Currently third in FIM Motocross World Championship points behind class front-runner Jorge Prado and Romain Febvre, Monster Energy Yamaha MXGP competitor Jeremy Seewer has taken a win in France and placed inside the top five in all but one round from the first 12 this season. And he thinks it’s actually been better than that.

“Honestly, I feel a lot better than what the results show,” says Swiss native Seewer. “I’ve felt good. I worked hard during the wintertime to be in really good shape but for some reason with many GPs, things didn’t really click for me, you know? There were always small things happening and there was a bit of bad luck and all sorts of other stuff, but overall I was still collecting points. Sometimes, though, I wasn’t collecting enough

points and that was frustrating. I’m a bit too behind in the championship to be really satisfied and happy, but that’s my point of view

Speed, tenacity and being error-free on race day are the attributes Seewer believes he will need to adhere to firmly in order to cut into Prado’s championship lead.

“There are two or three strong racers right now — me, Prado and Febvre doing a little better than the others, but you can never make any mistakes because there are still three or four other guys being quite strong and being able to run our pace,” he notes. “Maybe not for the full moto, but still, the class over here is quite competitive.

“The strongest tool I have is my consistency and I will be consistent to the last moto of the year, where others will falter sometimes,” vows Seewer. “At the beginning most of the racers start strong, but then towards the end of the year they lose momentum. I don’t know if they lose focus, lose motivation, whatever it is, they lose something. I will always be the same towards the end or even better. I just want to keep pushing and keep working and getting better every weekend. I think this is what will make me strong for the last few races of the year.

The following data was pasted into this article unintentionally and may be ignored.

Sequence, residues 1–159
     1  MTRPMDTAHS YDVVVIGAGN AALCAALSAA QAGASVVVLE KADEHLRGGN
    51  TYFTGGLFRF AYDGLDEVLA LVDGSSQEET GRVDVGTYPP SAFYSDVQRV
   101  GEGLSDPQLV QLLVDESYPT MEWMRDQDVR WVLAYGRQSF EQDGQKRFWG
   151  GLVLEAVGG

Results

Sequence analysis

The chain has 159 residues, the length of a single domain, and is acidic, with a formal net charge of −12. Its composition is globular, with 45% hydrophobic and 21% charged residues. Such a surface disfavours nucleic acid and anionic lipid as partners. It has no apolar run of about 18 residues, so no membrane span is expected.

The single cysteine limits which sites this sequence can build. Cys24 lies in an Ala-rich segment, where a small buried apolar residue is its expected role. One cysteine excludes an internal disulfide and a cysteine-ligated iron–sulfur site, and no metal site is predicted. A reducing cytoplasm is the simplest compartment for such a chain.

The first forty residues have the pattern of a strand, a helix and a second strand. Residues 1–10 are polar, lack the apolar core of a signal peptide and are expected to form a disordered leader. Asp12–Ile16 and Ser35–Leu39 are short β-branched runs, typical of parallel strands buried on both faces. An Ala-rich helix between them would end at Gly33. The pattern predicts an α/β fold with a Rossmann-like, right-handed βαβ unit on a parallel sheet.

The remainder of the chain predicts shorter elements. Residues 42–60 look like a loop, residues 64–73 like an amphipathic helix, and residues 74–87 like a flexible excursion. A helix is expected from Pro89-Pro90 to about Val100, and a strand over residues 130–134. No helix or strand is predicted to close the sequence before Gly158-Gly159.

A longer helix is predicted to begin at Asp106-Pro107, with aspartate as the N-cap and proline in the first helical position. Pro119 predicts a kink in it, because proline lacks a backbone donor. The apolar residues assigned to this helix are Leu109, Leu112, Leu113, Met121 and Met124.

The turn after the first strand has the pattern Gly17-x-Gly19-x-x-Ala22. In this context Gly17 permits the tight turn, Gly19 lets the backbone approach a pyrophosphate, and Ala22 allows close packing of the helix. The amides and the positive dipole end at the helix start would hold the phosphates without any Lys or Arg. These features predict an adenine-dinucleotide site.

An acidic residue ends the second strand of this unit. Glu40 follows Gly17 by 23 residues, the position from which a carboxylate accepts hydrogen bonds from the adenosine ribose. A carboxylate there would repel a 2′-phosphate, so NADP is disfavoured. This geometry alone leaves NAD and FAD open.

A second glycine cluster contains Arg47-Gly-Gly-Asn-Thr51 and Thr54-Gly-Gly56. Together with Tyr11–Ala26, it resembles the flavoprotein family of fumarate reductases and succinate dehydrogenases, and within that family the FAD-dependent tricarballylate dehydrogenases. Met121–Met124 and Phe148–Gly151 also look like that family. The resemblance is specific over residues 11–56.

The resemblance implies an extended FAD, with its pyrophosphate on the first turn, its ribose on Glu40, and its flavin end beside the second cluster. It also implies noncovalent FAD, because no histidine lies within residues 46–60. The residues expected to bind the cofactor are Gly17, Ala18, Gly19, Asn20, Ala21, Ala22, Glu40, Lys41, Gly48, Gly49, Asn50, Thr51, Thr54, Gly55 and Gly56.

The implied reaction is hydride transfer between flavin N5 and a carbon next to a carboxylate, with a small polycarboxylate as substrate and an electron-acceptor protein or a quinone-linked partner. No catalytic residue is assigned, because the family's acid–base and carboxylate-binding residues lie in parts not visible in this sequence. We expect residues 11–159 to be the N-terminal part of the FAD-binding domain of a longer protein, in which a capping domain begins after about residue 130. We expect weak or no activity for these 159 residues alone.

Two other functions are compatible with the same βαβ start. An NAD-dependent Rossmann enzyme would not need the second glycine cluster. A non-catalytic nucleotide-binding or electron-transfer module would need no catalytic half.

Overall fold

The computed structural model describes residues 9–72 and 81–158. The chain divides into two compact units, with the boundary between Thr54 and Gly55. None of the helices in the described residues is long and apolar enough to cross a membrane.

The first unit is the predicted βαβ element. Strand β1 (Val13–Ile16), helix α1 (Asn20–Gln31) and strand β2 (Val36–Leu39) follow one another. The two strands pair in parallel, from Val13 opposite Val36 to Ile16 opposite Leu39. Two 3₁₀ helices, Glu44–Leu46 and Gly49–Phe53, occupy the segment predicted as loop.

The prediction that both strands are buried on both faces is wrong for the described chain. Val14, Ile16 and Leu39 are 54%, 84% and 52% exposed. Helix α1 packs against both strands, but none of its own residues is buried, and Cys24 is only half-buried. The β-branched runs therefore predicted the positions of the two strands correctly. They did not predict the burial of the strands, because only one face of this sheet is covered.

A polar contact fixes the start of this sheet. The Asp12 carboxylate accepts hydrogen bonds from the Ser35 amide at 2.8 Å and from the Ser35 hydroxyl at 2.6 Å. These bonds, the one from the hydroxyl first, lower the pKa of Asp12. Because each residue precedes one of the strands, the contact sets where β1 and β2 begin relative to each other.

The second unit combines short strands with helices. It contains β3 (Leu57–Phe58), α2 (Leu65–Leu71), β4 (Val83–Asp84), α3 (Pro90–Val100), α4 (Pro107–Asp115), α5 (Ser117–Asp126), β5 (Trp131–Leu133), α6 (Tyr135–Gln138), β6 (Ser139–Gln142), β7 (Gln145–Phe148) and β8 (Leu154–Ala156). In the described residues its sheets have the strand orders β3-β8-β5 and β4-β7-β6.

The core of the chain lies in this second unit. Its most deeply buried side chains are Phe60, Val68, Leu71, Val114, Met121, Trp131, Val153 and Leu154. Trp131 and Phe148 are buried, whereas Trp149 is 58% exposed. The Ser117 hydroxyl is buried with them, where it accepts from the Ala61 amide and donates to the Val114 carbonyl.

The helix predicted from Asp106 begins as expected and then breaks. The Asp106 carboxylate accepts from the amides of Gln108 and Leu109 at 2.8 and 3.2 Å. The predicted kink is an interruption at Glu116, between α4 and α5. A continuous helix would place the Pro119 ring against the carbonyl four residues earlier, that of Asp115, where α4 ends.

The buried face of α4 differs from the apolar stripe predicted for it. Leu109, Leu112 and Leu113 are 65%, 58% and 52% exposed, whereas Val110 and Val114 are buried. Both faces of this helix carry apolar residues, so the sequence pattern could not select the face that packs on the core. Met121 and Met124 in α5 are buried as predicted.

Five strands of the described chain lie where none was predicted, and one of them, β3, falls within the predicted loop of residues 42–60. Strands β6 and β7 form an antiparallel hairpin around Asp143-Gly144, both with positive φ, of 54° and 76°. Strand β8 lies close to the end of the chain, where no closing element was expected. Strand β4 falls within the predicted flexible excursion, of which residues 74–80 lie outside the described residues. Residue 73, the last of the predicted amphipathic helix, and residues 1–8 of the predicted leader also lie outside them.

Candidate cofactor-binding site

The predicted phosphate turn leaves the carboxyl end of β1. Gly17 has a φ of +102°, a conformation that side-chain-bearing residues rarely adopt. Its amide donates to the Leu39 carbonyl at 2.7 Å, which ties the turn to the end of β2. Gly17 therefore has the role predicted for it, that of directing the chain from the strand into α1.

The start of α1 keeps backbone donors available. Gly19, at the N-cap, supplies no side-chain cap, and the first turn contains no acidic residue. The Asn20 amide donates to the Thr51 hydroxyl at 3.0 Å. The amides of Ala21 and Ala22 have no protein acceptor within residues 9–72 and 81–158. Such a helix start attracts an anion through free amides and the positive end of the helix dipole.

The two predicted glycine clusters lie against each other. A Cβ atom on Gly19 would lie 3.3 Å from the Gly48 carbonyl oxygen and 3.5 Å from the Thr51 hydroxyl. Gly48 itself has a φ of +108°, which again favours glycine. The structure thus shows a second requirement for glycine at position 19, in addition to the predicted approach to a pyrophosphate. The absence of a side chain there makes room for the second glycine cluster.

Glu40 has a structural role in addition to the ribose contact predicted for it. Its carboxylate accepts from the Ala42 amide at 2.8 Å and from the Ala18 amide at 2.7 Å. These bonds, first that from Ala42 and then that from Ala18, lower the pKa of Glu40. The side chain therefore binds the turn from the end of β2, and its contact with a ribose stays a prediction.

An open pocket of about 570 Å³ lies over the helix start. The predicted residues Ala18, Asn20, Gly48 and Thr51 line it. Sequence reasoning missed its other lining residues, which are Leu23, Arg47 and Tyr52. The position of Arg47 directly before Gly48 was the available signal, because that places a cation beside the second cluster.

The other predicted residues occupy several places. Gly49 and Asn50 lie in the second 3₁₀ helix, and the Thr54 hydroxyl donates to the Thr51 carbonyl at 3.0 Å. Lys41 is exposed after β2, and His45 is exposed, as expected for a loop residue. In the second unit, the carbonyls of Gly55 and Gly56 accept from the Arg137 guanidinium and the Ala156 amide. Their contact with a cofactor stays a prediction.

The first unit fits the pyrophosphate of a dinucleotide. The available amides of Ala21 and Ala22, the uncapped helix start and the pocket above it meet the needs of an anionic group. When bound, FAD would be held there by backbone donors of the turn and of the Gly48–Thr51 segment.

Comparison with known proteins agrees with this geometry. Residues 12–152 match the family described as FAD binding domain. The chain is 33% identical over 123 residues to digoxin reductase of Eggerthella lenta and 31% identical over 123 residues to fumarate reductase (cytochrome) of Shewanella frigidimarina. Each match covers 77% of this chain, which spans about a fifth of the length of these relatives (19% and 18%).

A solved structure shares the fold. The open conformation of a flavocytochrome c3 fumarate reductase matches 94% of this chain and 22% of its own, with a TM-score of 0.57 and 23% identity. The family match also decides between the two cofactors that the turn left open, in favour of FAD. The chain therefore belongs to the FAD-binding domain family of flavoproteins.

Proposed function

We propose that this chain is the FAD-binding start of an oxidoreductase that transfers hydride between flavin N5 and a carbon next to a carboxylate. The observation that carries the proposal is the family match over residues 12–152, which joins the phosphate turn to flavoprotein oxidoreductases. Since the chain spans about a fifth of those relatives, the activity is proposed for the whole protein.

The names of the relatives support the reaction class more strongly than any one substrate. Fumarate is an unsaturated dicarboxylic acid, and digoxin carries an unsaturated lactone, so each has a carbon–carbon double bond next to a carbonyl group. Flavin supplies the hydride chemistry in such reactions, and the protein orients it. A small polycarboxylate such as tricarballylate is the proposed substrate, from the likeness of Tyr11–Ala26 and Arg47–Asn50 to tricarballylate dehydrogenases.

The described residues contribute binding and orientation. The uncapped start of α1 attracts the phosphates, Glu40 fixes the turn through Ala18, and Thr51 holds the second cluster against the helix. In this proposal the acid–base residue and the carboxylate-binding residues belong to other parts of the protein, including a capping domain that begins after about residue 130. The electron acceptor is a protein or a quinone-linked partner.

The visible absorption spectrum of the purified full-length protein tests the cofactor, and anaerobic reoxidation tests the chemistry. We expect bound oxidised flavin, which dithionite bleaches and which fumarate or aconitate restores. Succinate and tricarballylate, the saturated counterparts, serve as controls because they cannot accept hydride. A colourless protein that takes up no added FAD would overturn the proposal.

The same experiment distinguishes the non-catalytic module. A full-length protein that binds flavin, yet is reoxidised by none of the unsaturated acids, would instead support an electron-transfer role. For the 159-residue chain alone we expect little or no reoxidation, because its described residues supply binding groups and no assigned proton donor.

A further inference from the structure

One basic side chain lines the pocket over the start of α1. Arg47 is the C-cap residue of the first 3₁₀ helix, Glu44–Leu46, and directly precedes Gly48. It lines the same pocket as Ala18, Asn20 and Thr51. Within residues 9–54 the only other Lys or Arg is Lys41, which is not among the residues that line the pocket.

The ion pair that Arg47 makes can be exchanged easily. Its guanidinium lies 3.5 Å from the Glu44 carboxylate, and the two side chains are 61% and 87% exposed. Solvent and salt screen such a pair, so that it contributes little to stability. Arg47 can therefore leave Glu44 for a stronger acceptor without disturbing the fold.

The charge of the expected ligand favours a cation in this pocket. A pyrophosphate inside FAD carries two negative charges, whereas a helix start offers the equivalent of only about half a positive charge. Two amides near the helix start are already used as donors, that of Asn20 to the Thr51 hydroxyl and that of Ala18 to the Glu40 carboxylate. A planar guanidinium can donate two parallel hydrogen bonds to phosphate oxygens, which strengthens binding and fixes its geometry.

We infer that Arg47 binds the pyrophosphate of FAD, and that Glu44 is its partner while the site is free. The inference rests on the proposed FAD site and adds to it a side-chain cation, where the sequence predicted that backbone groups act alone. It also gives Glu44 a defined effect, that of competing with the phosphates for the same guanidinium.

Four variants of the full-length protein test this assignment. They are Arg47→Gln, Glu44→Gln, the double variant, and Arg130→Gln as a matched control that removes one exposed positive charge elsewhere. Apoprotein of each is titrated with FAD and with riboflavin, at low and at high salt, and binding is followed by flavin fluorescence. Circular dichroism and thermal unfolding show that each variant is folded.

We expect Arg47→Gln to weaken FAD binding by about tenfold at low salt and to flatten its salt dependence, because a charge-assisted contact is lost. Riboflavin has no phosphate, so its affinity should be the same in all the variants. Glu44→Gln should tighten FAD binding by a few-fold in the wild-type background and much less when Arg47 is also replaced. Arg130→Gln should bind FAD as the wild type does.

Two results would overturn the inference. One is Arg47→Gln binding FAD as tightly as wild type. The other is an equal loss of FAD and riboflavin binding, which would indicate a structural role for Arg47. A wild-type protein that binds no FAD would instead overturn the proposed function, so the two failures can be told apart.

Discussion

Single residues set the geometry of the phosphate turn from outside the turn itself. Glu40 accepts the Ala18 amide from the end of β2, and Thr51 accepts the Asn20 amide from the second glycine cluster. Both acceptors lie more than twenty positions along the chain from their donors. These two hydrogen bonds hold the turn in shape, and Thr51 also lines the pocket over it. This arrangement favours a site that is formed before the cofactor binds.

“It is never easy. Especially in Europe because the racing is so different in every country that we go to. We’ve also been racing in cold weather, like when we raced in Switzerland. And then the tracks are so much different everywhere we go to. We have sand tracks and hard tracks.

“You also have to be in great shape and you have to deal with the pressure. Also now, we also have to now deal with a two-day weekend. That can be quite tiring. It’s a huge difference racing two days — especially now with the qualifying races having points. It’s a lot tougher than it used to be. In the past if some guy was behind you pushing for P3, you were like, ‘Yeah, right. You can have it. I’ll follow you and see your lines and I’ll learn for tomorrow.’ Now it is more like, ‘Hey, I’m not going to let you pass because I need that point!’ It’s a whole different story now and that changed the whole weekend and makes everything a lot more intense than in the past.”

Beginning with the MXGP of Flanders, set for the sandy Lommel circuit this Sunday in Belgium, there are seven grands prix left to be run. Can Seewer make a run at Spanish GASGAS works rider Prado and take a serious swing at his first FIM Gold Medal?

“I mean if you are honest and the guy leading right now doesn’t do anything silly, I think it’s a fairy tale,” he admits.” But we know how racing works. It is never done until it’s actually really done. Yeah, I mean I will keep pushing and keep trying to collect as many points as possible and to win races. From there we will see at the end of the year.”

That push starts at Flanders this weekend on some of the deepest and nastiest motocross racing sand there is. For Seewer, that’s a good thing as it’s become a home away from home in more ways than one.

“I feel pretty good about Lommel this weekend. I’m living 10 minutes from the track most of the year. I ride there a lot and I’ve been racing there plenty of times,” he explains. “It’s a sandy GP — that’s the opposite of what I grew up on. As a kid I did not do well in sand, but now I’ve adapted to it and I’m confident and I’m strong on that type of terrain. I’m looking forward to it. It’s kind of a home GP for me. It’s going to be good.”